- Ellen Finnie Duranceau, MIT Lib.
Copyright 1992 Reed Business Information, Inc.

New York Times best sellers
Browse the New York Times best sellers in popular categories like Fiction, Nonfiction, Picture Books and more. See more

Product Details

  • Hardcover: 285 pages
  • Publisher: W. W. Norton & Company (September 1992)
  • Language: English
  • ISBN-10: 0393031640
  • ISBN-13: 978-0393031645
  • Product Dimensions: 8.6 x 5.8 x 1.1 inches
  • Shipping Weight: 12 ounces
  • Average Customer Review: 4.3 out of 5 stars  See all reviews (3 customer reviews)
  • Amazon Best Sellers Rank: #4,523,668 in Books (See Top 100 in Books)

Customer Reviews

5 star
4 star
3 star
2 star
1 star
See all 3 customer reviews
Share your thoughts with other customers

Top Customer Reviews

By Natania Rosenfed on May 8, 2007
Format: Paperback
This is a lovely, deeply meaningful book. Deeply meaningful because female friendship is so rarely explored in literature, and in non-fiction, rarely explored without a kind of insistence: "See, this is better than--or as good as--any heterosexual relationship." The love between girls who grow up together in an insular society is simply and matter-of-factly rendered, as is the importance of friendship among women. Indeed, there is no hint of special pleading in this book; the author is a feminist, but not striving to make a case for feminism, nor for any other isms. She is a Jew, but doesn't bend over backwards either to explain Jewishness to others, or to signal tribal themes to Jewish readers. She is from South Africa, but, though she writes of apartheid with clear moral repulsion, does not apologize for her native origins, or for her love of South Africa's landscape and some of its people. She is an academic but does not try the lay reader with terminology or scholarly arcana. Above all, she brings to life a woman anyone would have wanted to know, her lively, passionate, charming friend Romy, who died too young. I gobbled the book up in two days, and found myself close to tears at the end.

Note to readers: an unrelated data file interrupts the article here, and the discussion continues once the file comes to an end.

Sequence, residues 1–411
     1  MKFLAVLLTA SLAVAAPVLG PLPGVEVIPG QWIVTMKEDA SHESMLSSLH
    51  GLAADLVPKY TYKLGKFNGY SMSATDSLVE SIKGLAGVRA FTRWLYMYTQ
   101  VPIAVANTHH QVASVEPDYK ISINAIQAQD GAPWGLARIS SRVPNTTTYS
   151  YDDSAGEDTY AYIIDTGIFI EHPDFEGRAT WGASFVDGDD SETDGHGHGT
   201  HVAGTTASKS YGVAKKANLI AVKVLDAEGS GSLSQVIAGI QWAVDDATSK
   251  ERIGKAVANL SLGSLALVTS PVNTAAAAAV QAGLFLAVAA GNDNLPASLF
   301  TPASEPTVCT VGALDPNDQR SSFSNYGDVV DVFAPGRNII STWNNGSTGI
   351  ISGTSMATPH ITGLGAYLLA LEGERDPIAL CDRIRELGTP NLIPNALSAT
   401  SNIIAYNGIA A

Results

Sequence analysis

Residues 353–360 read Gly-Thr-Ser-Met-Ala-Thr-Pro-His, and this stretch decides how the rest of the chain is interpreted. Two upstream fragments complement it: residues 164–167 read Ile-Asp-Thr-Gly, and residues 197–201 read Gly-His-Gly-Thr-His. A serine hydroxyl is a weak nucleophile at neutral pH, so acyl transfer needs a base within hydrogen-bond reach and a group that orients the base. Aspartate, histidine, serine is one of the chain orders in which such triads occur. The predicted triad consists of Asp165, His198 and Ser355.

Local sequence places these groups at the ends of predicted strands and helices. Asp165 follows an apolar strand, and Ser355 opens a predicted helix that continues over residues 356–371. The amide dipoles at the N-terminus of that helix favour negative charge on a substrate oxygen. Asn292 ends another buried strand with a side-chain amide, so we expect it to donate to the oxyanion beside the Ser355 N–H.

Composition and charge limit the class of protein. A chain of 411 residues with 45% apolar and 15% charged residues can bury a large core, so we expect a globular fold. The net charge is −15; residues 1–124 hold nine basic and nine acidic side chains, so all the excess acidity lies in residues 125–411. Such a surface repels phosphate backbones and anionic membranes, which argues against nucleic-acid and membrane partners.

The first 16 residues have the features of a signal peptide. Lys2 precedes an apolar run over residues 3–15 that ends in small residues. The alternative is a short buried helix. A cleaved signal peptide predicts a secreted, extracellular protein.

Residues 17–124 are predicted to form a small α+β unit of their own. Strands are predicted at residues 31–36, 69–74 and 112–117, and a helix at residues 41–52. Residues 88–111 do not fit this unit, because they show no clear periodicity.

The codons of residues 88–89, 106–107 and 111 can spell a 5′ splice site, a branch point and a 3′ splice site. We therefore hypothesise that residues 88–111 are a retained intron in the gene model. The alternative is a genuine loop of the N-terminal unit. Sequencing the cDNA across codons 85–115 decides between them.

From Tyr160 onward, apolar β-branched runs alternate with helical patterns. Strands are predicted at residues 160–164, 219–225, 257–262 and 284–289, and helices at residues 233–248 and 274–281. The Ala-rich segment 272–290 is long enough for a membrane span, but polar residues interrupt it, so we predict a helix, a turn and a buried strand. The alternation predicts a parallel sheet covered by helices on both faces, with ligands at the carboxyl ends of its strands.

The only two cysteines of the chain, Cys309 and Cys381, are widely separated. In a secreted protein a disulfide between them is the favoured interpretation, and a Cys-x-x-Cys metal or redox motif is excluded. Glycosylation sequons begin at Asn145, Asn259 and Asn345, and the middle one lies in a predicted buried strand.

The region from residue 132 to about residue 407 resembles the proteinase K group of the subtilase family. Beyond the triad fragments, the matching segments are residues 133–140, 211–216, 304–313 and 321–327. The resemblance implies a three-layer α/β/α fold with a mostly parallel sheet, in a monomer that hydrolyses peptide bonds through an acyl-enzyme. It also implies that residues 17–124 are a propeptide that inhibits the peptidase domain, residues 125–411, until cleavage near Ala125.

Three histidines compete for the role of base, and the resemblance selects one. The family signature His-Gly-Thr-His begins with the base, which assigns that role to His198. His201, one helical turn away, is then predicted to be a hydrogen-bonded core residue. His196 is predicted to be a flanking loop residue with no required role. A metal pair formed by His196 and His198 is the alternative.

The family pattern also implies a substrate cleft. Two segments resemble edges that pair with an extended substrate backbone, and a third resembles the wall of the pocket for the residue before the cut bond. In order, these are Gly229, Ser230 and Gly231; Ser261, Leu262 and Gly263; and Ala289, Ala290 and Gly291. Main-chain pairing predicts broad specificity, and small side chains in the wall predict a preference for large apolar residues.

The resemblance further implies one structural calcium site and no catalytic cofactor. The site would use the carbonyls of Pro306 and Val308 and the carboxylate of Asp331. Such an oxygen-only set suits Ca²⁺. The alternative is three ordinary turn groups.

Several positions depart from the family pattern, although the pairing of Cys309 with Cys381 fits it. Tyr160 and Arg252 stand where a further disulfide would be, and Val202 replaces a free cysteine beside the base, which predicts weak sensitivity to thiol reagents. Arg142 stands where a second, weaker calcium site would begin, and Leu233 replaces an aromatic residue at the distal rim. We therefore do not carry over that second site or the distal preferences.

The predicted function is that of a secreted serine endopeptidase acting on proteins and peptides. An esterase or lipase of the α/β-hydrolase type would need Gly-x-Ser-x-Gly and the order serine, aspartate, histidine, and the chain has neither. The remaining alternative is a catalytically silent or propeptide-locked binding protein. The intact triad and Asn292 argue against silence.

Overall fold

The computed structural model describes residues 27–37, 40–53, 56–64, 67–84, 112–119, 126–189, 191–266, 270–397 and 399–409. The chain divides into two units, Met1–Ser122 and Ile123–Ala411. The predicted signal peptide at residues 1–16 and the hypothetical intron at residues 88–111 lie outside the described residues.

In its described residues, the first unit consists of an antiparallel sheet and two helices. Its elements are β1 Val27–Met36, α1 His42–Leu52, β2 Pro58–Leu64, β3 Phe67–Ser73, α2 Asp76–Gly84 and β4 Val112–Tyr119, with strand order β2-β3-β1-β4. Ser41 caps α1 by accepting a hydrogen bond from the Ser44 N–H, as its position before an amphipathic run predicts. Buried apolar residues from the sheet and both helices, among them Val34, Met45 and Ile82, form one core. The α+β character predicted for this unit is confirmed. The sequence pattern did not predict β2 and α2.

Comment 6 people found this helpful. Was this review helpful to you? Yes No Sending feedback...
Thank you for your feedback.
Sorry, we failed to record your vote. Please try again
Report abuse
Format: Paperback Verified Purchase
i enjoyed the 2nd half where the narrative was more dialogue than the repetitive, analytic beginning. it would be interesting to have a sequel of the 3rd generation's experiences. why not go for it?.
Comment One person found this helpful. Was this review helpful to you? Yes No Sending feedback...
Thank you for your feedback.
Sorry, we failed to record your vote. Please try again
Report abuse
Format: Hardcover
This book, written by ex-South African Lyndall Gordon captures a time and place like no-one ever will. Through her story you meet Romy, Rosie and Lyndall and transport yourself to a different era. However - whatever the logistical differences there may be, the lesson you learn is that being human is a universal and ageless condition.
Comment 4 people found this helpful. Was this review helpful to you? Yes No Sending feedback...
Thank you for your feedback.
Sorry, we failed to record your vote. Please try again
Report abuse